The evolution of human rights and the ongoing impact on modern policing will be explored at a major international conference in Canberra from April 16 to 18.
Organised by the Griffith University-based Australian Research Council Centre of Excellence in Policing and Security (CEPS), the 2013 conference comes 50 years after Canberra hosted an historic United Nations seminar on the role of police in the protection of human rights.
CEPS Director, Professor Simon Bronitt, said that while much had changed in the past 50 years, some themes remained constant. These included the role of human rights in modern domestic and international policing, whether effective law enforcement was hampered or helped by compliance with human rights, and the need to tackle discrimination against women and minorities in policing.
In today’s post-9/11 era, however, Professor Bronitt said the nature of policing was growing ever more demanding and could change rapidly. He hoped the conference would increase awareness of the many issues facing police in the 21st century.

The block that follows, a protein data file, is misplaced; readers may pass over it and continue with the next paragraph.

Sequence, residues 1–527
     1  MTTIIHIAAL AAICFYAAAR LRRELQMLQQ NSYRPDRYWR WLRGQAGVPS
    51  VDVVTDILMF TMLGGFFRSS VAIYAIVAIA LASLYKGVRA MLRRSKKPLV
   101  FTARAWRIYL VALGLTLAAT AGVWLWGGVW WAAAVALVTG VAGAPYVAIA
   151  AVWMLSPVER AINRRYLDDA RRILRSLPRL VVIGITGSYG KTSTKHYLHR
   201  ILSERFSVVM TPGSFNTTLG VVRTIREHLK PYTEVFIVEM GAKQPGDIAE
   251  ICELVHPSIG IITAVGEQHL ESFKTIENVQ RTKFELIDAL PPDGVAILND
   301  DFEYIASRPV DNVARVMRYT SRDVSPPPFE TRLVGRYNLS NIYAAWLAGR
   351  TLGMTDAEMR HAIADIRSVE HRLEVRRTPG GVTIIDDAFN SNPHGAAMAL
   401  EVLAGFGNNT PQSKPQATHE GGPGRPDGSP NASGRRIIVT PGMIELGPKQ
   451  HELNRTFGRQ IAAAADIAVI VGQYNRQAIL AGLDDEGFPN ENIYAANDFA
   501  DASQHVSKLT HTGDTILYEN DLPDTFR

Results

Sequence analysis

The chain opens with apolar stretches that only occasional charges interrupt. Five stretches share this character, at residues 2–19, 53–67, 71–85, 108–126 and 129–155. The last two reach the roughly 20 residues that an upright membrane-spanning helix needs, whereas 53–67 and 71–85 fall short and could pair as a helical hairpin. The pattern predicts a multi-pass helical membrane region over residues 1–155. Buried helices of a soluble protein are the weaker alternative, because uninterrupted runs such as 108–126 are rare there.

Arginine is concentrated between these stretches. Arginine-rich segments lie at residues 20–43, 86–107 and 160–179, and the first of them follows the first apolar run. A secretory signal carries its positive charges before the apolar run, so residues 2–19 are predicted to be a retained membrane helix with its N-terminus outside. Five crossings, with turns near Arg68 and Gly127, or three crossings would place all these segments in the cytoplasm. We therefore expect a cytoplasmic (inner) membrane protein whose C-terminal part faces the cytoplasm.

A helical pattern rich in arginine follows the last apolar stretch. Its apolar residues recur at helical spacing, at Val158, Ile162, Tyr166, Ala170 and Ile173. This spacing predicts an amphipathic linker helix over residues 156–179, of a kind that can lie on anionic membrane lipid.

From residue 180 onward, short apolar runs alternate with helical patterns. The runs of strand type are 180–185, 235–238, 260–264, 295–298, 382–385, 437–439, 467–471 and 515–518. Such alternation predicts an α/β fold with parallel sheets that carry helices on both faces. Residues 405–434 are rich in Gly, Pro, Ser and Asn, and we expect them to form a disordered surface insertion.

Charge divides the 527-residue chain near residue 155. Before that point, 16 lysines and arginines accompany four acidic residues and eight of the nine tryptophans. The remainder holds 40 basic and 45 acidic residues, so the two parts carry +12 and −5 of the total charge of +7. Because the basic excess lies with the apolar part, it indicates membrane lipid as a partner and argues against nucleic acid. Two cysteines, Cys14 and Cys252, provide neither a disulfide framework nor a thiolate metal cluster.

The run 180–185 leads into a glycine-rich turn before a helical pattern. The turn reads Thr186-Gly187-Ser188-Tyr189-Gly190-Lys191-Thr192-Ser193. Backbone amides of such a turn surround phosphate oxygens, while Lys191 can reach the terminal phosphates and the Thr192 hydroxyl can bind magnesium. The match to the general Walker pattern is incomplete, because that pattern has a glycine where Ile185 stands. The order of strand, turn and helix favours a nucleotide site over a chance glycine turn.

“These include the threats that technological advances can present, multicultural issues and the frontline therapeutic and welfare roles performed by police in interactions with the vulnerable and disadvantaged,” he said.
“Meanwhile, the significance of the connection between human rights and policing extends beyond simple legal compliance and the duty of police to respect national laws and international treaties in the field of human rights.
“It also enters an ethical realm via the role that fundamental values and principles play in deliberations over the perceived rights and wrongs of law enforcement at individual and organisational levels.”
CEPS is jointly funded by the Australian Research Council and Griffith University and its 2013 conference boasts a formidable array of speakers, among them Professor Peter Neyroud, the former Chief Executive Officer for Britain’s National Policing Improvement Agency, and Australian National University Emeritus Professor David Hambly, an observer at the 1963 UN seminar.
The former Division Chief at the Miami-Dade Police Departments in the US, Karin Montejo, will also address the conference on challenges affecting the ability of women to rise to the highest levels of police command.
With international peacekeeping, the growth of trans-national crime, technology and forensics, corruption and ethics and balancing human rights and security all prominent topics, the conference will also honour contributions by international organisations and community groups in the promotion of human rights in policing.